Research Handbooks in Intellectual Property series
Edited by Christophe Geiger
Chapter 6: Human rights and the philosophical foundations of intellectual property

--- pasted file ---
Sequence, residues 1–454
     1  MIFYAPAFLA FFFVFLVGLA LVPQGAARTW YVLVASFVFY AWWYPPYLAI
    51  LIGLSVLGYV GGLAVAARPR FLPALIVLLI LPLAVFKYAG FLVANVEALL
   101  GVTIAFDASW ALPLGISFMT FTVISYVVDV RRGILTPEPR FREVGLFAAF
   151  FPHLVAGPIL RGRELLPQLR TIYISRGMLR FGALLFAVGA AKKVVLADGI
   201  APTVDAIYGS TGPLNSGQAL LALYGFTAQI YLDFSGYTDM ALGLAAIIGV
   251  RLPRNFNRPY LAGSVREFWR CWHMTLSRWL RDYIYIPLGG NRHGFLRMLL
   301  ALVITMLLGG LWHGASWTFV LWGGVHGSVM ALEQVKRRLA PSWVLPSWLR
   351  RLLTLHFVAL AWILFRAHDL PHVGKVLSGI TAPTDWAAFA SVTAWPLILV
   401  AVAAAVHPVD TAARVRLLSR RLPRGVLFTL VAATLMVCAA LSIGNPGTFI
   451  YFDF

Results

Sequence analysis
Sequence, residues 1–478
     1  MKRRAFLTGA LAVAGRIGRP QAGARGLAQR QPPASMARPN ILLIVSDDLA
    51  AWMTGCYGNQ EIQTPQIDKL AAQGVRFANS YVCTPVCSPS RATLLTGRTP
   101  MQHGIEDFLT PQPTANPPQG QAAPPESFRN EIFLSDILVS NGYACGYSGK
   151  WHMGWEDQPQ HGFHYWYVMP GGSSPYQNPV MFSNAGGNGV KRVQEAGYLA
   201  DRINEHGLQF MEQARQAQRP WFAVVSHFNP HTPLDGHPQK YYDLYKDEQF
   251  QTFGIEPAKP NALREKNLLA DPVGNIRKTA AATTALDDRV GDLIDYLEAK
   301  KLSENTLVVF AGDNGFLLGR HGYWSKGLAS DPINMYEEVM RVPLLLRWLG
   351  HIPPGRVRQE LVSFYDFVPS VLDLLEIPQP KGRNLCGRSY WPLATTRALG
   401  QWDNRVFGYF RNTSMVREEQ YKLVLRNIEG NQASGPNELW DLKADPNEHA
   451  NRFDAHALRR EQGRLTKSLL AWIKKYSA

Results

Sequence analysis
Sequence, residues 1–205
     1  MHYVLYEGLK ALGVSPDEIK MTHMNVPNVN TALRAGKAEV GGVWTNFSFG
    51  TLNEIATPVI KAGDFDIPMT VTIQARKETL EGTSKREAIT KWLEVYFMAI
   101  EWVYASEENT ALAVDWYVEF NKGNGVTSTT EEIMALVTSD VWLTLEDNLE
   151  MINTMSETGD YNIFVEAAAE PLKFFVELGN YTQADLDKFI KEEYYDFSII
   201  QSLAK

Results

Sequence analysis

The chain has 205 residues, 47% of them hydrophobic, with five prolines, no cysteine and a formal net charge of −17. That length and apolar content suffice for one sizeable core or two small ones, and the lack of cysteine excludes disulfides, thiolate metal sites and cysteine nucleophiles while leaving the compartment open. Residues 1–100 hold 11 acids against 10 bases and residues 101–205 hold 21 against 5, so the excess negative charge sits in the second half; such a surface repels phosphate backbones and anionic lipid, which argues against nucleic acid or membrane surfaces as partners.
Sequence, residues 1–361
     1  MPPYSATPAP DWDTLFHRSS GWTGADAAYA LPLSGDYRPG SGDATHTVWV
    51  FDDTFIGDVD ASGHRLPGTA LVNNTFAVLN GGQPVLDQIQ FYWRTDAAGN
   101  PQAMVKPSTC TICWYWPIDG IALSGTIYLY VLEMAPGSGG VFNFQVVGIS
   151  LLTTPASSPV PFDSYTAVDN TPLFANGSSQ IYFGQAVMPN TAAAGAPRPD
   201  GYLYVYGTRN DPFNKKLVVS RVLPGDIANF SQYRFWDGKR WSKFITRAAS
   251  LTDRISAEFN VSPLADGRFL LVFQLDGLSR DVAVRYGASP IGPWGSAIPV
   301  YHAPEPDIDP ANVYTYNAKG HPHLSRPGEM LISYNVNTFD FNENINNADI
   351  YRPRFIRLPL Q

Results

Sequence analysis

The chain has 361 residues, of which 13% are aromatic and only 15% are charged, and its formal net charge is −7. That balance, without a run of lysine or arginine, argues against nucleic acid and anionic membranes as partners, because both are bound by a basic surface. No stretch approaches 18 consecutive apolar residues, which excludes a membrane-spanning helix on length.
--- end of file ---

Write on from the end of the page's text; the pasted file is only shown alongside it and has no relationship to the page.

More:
Some claim that intellectual property rights have their roots in natural law, most famously as the Lockean labour-desert theory, which sees property rights as commensurate with ‘the sacrifice actually incurred.’ According to this view, property is justifiable as a (just) reward for work done to create new works from the existing stock of public domain works and ideas, or on a significant, industrially useful improvement on the existing stock technological knowledge. Locke’s original theory turned on the labour sacrifice of a particular landowner. He did not advocate for specific rights in intangibles. Indeed, applying his theory to intangibles raises interesting questions. For instance, if one were to adopt a natural law-based justificatory theory for intellectual property, then one might ask whether the protection of intangibles should be commensurate with the author’s or inventor’s efforts. Alternatively, one might ask what kind of value (societal, economic, etc.), should be rewarded and then measured according to which set of metrics? How would temporal elements be factored into the equation (i.e., what is the value now and 20 years hence?), as would the transaction costs of this determination. And the list goes on. As possible normative counterweights to Lockean-derived narratives, the various ‘personhood’ and deontological theories – also anchored in natural law – provide an alternative basis for at least some forms of intellectual property.
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